First, they noted that “[t]he primary outcome used in the proposed model is overall survival compared with the AJCC-8 staging system, which uses melanoma-specific survival.” This means that the cause of death—vital to understanding associations between dependent and independent variables—is often unknown based on analyses of large databases, they argued.

Secondly, Zumsteg and colleagues posited that because completion lymph node dissection (CLND) is no longer compulsory if patients have already undergone sentinel lymph node biopsy, “fewer patients with have high numbers of positive nodes. Thus, some patients who would be assigned a higher N category after CLND likely are assigned a lower stage, potentially affecting risk assessments.”

Inherent biases within both the discovery and the validation databases used to develop the proposed nodal classification system, including inaccurate initial staging, also lend an additional degree of potential confounding to their analysis, they argued.

“Finally, the overall goal of this study was to create a staging system that directly aligns with survival outcomes,” Lowe and colleagues noted. “[H]owever, in doing so, the authors have produced a nodal staging classification that appears less intuitive than the current staging system. By combining elements of pathologic and clinical staging systems and considering the variable treatment of in-transit disease, their model is more complicated. It is not intuitive, for example, that patients with in-transit disease should be grouped with patients with 2 to 3 clinically occult positive lymph nodes. This proposed staging system sacrifices simplicity of classification for simplicity of prognostication. In addition, the proposed model does not identify or clarify any staging strategies that would aid in delineating treatment options.

“The authors should be congratulated on their effort to improve the current staging system [but] we need to ensure that future editions are both accurate and intuitive,” they concluded.

Asked by BreakingMED to comment on the editorial’s critique, Zumsteg in turn agreed with the editorialists’ observation that fewer patients will have high numbers of lymph nodes if they no longer undergo CLND.

“However, the fact that 40% of patients in the database we used did not undergo CLND simply represents real-world practice patterns during the time period of the study and actually represents a strength of the study, not a weakness,” he insisted.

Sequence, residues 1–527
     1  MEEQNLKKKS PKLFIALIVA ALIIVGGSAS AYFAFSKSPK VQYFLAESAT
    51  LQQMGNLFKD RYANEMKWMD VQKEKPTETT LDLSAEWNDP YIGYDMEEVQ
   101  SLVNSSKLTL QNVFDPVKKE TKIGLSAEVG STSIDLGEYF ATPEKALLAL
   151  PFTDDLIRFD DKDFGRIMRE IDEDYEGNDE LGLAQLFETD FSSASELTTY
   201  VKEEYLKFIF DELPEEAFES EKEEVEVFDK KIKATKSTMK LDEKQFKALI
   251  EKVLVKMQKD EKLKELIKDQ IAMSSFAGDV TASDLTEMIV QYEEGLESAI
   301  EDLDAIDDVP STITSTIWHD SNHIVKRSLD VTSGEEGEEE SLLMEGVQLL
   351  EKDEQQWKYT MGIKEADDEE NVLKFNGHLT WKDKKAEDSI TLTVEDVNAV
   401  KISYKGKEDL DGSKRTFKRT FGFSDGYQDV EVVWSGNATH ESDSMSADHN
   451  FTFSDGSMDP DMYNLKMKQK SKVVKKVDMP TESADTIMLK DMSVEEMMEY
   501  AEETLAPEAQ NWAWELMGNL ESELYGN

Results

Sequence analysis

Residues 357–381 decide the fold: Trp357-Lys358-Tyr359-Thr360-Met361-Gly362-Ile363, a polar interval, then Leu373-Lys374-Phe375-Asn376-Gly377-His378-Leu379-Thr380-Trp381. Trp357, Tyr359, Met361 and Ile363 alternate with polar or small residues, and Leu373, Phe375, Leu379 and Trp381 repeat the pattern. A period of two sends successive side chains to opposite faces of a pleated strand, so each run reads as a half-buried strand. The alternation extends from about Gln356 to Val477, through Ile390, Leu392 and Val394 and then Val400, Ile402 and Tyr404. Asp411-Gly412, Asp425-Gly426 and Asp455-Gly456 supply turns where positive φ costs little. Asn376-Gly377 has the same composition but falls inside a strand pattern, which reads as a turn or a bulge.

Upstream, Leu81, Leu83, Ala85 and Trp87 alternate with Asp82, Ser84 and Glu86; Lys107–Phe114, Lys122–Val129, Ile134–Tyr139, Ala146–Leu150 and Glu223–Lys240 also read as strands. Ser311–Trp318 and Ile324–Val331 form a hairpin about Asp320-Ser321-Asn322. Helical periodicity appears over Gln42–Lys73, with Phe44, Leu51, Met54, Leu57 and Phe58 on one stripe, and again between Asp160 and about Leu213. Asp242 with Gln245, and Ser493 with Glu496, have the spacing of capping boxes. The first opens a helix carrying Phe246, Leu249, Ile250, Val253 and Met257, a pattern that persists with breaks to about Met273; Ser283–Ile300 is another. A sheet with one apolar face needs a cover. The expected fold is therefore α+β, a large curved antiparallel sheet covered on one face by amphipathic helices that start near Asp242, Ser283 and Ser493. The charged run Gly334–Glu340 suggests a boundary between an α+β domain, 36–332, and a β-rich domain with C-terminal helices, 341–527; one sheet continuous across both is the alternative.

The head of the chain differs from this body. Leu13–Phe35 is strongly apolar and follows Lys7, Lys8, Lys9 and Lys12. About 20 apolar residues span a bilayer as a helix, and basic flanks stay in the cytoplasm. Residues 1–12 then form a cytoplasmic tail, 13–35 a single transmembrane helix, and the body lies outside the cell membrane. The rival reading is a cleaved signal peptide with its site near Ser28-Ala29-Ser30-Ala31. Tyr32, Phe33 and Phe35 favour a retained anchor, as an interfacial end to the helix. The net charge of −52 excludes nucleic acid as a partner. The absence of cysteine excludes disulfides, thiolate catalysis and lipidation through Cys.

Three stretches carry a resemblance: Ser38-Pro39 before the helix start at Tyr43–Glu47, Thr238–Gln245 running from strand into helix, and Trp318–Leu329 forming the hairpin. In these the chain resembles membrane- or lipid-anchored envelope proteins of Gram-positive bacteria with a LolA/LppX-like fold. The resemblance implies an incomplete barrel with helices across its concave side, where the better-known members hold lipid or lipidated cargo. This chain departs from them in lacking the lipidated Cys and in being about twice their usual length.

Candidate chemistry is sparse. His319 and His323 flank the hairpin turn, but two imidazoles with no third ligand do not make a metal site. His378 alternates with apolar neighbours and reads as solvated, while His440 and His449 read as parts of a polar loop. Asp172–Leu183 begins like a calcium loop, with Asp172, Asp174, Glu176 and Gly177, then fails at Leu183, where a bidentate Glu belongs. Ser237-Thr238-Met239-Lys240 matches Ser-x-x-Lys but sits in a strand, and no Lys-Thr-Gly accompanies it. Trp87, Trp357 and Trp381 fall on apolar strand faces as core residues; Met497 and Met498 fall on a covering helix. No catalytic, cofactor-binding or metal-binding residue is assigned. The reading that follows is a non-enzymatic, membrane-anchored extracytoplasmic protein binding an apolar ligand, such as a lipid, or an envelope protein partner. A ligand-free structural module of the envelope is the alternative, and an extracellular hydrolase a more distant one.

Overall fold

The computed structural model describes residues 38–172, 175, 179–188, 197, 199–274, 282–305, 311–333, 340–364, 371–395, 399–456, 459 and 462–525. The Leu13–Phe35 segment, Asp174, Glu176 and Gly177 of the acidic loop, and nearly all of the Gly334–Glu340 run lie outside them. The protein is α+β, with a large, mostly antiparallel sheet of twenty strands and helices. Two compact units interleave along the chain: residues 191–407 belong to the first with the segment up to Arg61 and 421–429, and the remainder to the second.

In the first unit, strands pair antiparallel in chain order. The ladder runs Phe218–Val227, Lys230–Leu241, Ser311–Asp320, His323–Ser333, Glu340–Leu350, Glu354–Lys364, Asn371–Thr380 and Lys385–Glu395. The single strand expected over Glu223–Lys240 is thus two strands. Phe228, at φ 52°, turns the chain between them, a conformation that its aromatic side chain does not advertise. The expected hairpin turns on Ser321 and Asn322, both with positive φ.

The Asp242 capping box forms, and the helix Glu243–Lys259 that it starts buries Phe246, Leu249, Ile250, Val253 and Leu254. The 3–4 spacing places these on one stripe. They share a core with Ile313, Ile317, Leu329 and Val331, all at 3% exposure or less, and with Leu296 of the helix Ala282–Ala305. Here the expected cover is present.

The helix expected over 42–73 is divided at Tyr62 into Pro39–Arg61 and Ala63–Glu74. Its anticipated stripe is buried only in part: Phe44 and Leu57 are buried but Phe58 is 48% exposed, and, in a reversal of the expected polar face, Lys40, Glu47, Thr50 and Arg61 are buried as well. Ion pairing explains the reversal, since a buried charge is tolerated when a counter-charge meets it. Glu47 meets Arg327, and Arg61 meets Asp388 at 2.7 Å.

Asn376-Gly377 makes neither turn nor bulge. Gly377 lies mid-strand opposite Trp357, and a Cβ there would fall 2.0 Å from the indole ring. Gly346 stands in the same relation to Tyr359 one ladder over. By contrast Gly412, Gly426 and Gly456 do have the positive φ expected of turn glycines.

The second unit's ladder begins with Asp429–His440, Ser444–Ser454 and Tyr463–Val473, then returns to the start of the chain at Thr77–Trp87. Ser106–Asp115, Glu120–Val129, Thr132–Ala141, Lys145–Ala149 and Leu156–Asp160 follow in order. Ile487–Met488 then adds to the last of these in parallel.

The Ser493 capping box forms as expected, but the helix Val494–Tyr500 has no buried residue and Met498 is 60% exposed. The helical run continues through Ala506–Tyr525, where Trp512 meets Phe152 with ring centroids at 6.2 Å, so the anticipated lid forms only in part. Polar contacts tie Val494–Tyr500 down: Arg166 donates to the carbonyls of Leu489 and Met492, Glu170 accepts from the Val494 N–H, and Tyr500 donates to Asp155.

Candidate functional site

Indeed, because so many patients in the dataset did not undergo CLND, investigators were able to perform a sensitivity analysis where they excluded patients undergoing CLND following sentinel lymph node biopsy to more closely reflect current practice.

“We showed that our system was highly accurate in this subgroup of patients,” Zumsteg explained.

Zumsteg also disagreed with the editorialists’ viewpoint that the proposed nodal classification system is too complex—in fact, he argued that it is simpler than the current AJCC-8 system, which is already quite complex.

“Our system uses the exact same variables as the current system but it has 6 tiers for node positive patients versus 9 tiers in the current system,” he noted—and moreover, he added, as nodal stage increased in the proposed nodal system, the risk of mortality also increased. “What we have done is taken the same variables used in the current system, designed it in such a way that it has fewer groups, more accurately reflects prognosis and produces groups where increasing stage correlates with increasing mortality.”

  1. A newly proposed nodal classification system for cutaneous melanoma seemed to accurately predict increasing mortality risk within each nodal classification group.

  2. The study authors concluded that their classification system is superior to the standard AJCC-8 system, though experts argued that it is less intuitive and less applicable than the AJCC-8.

Pam Harrison, Contributing Writer, BreakingMED™

The study was supported in part by Cedars-Sinai Cancer.

Zumsteg reported that his spouse performs legal work for Johnson & Johnson and Allergan through her law firm. Coauthors reported relationships with Amgen, Bristol Meyers Squibb, Roche, Genentech, GlaxoSmithKline, and others.

The editorialists had no relevant relationships to disclose.

Cat ID: 105

Topic ID: 75,105,730,105,11,26,192,925,159